PKM

PKM is the act of collecting and organising a person's knowledge.

Why?

The ever-increasing volume of information humans generate and transmit

Martin Hilbert and Priscila López, The World's Technological Capacity to Store, Communicate, and Compute Information:

In 1986, the world’s technological receivers picked up around 432 exabytes of optimally compressed information, 715 in 1993, 1.2 optimally compressed zettabytes in 2000 and 1.9 in 2007.

McKinsey & Company, The Social Economy: Unlocking value and productivity through social technologies:

Americans spend approximately 11 hours a day communicating or consuming messages in various ways, including in-person, watching TV, reading, and using e-mail.

The challenge of retrieving what we need

IDC, Intelligent Knowledge Discovery: Moving Beyond Search:

Nearly 70% of respondents (knowledge workers) to IDC’s KMWorld Conference search survey indicated that they spend five or more hours per week doing online information searches, with 16% indicating that they spend 12 hours a week or more doing searches.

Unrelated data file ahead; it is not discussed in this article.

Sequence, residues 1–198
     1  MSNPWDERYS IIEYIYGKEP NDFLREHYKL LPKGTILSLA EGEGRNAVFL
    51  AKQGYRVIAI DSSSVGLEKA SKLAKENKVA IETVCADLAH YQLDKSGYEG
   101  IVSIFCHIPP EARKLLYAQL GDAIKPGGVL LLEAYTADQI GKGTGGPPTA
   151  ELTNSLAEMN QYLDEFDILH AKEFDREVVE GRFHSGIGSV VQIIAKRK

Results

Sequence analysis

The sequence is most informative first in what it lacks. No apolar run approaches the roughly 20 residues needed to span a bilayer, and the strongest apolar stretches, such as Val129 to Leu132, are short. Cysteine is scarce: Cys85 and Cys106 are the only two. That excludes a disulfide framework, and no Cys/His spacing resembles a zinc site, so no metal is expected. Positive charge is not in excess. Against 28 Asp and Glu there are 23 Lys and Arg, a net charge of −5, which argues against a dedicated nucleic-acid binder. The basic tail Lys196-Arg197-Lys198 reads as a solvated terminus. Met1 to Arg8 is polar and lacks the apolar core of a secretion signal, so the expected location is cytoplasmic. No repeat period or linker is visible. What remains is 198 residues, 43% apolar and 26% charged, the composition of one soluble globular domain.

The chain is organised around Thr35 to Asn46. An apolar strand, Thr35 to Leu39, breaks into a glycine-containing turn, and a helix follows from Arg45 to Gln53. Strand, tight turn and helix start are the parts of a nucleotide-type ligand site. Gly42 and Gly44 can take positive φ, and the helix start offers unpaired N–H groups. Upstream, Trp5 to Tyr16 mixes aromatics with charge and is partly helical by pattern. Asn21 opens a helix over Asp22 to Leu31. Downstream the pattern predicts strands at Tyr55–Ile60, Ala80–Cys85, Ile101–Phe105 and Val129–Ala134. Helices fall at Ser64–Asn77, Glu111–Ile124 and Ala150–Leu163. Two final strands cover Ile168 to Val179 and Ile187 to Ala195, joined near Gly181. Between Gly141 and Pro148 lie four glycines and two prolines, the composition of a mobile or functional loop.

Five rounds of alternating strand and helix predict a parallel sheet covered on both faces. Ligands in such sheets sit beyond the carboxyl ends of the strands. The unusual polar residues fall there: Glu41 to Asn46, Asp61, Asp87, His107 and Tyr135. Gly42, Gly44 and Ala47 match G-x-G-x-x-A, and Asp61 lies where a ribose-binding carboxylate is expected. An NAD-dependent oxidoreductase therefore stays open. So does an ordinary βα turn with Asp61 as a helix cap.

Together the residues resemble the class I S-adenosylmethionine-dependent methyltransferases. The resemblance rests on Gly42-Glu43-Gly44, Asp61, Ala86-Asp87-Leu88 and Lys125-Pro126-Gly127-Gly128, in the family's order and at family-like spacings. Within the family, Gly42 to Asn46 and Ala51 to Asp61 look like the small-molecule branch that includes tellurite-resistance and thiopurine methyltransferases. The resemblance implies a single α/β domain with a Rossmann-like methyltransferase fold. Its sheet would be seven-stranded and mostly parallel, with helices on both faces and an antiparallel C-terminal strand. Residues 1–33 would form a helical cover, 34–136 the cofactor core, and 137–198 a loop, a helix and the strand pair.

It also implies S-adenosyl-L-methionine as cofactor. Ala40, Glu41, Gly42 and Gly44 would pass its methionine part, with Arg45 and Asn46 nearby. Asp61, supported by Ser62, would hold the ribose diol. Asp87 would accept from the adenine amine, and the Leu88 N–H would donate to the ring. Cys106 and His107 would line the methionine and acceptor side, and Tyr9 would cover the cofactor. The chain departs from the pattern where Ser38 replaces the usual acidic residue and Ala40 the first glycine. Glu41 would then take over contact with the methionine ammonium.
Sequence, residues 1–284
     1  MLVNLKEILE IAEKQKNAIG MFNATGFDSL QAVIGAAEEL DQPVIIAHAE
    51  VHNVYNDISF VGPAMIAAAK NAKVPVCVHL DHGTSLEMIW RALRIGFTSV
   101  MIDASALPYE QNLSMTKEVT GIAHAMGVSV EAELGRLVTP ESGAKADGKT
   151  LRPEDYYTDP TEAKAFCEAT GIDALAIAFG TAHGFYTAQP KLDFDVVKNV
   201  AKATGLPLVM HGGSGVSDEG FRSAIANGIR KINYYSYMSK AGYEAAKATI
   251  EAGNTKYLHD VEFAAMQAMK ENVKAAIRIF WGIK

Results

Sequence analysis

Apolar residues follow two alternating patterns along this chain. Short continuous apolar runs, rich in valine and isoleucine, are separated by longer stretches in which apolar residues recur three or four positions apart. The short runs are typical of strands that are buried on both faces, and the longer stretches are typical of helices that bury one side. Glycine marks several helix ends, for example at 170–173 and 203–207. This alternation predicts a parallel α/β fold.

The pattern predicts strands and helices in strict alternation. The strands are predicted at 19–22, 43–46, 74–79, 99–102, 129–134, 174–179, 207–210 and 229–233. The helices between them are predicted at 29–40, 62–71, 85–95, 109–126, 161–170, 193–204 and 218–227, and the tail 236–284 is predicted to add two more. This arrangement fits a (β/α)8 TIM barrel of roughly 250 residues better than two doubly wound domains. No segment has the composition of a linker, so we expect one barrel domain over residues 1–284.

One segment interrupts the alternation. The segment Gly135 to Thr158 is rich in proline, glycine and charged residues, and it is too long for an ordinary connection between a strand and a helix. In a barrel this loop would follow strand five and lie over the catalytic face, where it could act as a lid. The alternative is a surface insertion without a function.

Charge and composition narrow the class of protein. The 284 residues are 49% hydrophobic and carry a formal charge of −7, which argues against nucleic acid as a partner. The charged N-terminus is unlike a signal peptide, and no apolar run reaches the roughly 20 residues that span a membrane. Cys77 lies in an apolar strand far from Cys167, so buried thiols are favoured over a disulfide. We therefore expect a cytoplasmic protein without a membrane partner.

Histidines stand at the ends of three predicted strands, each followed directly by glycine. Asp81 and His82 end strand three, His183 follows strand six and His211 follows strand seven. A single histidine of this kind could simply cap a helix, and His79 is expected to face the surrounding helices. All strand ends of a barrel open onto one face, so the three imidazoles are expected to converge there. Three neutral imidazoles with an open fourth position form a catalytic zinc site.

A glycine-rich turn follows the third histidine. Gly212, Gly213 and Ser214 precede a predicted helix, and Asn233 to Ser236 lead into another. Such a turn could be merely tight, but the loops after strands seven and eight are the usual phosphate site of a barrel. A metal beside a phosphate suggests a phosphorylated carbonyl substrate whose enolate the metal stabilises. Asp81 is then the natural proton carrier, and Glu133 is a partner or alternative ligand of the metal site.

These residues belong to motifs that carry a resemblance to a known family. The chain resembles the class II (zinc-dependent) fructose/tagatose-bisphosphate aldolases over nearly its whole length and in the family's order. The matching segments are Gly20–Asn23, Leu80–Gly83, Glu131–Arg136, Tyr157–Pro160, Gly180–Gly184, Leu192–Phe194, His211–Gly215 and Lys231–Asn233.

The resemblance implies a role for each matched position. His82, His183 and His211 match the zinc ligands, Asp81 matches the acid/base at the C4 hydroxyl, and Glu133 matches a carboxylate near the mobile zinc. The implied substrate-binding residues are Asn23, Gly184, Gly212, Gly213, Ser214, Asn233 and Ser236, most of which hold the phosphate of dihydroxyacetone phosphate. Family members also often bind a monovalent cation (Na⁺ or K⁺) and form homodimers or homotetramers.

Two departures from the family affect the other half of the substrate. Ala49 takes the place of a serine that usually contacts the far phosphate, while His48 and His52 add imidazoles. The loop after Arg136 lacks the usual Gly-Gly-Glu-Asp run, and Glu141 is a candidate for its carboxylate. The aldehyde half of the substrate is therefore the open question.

EDM Group:

An average UK employee wastes one and a half hours a week looking for lost documents/information at work.

Top-down knowledge management doesn't work

Moving knowedge from individuals' minds to shared knowledge bases risks losing valuable context.

How?

Extracting what's valuable

Seneca:

What is the point of having countless books and libraries whose titles the owner could scarcely read through in a whole lifetime?

Marshal McLuhan:

One of the effects of living with electric information is that we live habitually in a state of information overload. There’s always more than you can cope with.

Structuring for retrieval

  • Tree-like structures provide a means of more quickly retrieving information from a cache.
    • Drill-down from a specific note.
    • Browse siblings.
  • Linking related contents, preferably with some form of expression of the relationship.

Children
  1. PARA